In college at the University of West Florida in Pensacola, I took co-op classes, whereby I was placed in the field of my study to earn credit. Most of my colleagues in my class were interested in the oil industry and they were going to Houston and all these different places and I didn’t want to move. I got assigned to Sacred Heart Hospital in Pensacola in their accounting department.I was on the finance side but I enjoyed the work and the people. I really did enjoy being in a hospital. It is a small city, it goes 24/7, and there’s always a lot going on. I stayed on the finance side of healthcare until actually through my time in Tampa in General Hospital, when I left as the Senior Vice President of Finance of the Chief Financial Officer.
What that was like for you working in a male dominated accounting field in the late 1970s?
I was not discouraged, nor was I encouraged. At the time in the accounting profession it was still largely a male-dominated profession. I also made a conscious decision not to go into the accounting part. I knew that I didn’t want to be at a desk doing work papers. I knew that I didn’t want to do audits. In a hospital though, the larger majority of the work force has been, and continues to be women. I think there was a natural relationship that might have occurred by being a woman in the finance department in a largely male-driven professional path, but in a setting that very much encouraged women. In fact, as part of the Catholic system, Sacred Heart Hospital was led by a nun and there were women in leadership positions.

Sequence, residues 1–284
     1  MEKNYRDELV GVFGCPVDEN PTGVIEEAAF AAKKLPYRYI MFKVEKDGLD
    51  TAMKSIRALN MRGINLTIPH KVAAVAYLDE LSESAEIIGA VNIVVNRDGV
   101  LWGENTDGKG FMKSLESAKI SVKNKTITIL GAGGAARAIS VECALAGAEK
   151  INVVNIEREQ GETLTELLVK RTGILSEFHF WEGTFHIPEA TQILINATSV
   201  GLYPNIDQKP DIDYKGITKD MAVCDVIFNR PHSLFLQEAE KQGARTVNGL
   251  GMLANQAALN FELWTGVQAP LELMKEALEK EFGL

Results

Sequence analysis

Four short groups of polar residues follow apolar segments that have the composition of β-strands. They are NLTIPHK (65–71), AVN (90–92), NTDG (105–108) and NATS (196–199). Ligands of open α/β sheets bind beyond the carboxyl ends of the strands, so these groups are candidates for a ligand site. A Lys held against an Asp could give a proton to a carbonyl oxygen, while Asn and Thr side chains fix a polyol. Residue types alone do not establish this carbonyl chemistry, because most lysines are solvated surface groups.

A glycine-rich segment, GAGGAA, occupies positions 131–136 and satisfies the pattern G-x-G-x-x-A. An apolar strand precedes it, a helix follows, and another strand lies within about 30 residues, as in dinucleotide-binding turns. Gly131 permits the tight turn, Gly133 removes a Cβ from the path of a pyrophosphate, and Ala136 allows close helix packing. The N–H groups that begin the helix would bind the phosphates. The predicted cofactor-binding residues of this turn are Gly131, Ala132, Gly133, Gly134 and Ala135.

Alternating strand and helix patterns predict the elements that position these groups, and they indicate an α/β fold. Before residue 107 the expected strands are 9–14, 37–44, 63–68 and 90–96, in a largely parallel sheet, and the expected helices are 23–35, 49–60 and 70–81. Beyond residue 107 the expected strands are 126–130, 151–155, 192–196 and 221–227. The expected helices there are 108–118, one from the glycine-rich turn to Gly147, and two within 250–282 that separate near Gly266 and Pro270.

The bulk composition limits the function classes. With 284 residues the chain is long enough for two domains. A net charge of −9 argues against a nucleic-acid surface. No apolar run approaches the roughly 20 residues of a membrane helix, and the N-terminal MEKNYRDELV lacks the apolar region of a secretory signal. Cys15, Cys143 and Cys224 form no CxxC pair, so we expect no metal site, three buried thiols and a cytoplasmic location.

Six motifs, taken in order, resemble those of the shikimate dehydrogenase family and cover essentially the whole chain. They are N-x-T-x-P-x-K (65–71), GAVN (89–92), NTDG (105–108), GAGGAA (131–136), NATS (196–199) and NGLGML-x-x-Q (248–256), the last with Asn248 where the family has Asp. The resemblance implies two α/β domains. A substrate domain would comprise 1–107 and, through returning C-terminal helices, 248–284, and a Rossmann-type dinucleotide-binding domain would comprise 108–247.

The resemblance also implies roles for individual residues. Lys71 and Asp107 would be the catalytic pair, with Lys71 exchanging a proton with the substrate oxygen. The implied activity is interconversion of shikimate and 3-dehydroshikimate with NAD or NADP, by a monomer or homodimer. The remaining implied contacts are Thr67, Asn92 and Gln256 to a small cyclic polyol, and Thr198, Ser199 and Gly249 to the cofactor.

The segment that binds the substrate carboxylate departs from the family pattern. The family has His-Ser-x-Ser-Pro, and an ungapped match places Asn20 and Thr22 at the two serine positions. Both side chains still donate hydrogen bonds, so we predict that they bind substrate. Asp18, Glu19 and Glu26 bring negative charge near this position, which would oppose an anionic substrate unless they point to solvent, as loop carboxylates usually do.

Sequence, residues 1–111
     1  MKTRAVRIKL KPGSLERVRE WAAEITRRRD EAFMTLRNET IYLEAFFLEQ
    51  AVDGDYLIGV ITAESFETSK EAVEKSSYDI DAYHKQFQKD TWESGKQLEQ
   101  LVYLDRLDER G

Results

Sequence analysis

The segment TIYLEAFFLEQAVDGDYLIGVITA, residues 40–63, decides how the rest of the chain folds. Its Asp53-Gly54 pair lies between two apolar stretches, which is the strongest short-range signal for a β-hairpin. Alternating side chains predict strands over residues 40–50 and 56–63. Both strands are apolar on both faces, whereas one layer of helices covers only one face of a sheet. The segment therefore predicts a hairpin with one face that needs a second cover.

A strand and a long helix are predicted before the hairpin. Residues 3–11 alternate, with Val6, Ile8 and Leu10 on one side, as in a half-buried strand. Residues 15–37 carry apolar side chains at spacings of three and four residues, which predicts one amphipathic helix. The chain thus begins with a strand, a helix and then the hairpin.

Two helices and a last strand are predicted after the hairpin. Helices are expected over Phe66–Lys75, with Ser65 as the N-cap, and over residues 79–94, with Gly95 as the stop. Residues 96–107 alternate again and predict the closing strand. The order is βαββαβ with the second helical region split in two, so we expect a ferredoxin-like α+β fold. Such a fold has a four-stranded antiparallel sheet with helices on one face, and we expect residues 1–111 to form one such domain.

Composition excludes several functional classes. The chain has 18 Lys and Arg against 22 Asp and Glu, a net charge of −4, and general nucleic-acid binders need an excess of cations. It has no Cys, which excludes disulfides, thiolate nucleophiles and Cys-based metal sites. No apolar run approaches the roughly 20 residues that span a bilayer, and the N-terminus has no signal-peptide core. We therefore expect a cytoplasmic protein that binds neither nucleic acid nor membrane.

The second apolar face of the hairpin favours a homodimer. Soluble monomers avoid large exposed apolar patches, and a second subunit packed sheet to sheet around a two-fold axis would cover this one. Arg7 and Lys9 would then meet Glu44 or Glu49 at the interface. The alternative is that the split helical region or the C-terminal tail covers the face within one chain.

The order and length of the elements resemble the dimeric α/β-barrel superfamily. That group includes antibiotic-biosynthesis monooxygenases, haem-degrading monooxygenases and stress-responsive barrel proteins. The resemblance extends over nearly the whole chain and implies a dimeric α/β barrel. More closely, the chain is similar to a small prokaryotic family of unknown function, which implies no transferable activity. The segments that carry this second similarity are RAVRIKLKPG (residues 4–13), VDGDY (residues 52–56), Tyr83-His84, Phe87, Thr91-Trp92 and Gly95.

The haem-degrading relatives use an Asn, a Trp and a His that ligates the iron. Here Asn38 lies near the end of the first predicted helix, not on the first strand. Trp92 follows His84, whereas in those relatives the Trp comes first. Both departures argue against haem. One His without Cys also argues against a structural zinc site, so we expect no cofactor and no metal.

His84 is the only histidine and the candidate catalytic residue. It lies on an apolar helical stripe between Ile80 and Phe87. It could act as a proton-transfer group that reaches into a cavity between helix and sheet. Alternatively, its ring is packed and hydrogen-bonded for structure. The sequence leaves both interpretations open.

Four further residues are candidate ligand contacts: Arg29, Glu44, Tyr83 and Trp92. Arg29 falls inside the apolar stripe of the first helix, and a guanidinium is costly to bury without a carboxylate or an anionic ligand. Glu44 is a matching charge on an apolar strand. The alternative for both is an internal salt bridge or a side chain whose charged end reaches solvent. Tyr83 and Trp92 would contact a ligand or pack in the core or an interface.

You had an opportunity to open a new hospital but then came some struggles as a manager. What happened?
I opened up a 114-bed psychiatric hospital that was also a teaching and research facility. I stayed there until the hospital was sold to Tampa General in 1993. As it came to be, the hospital hired me, reporting to the CFO. The CEO and the CFO both left after a very tumultuous board meeting and I was put in as acting CFO. The rest is history. I stayed there through the privatization of Tampa General from a government hospital to a not-for-profit. There were a lot of management changes that took place and during that time. It was an agreed upon departure, shall we say?
I love how you talked about opportunities to speak up, use your voice, and say this is what I want. Is that part of the career plan that you carved out for yourself?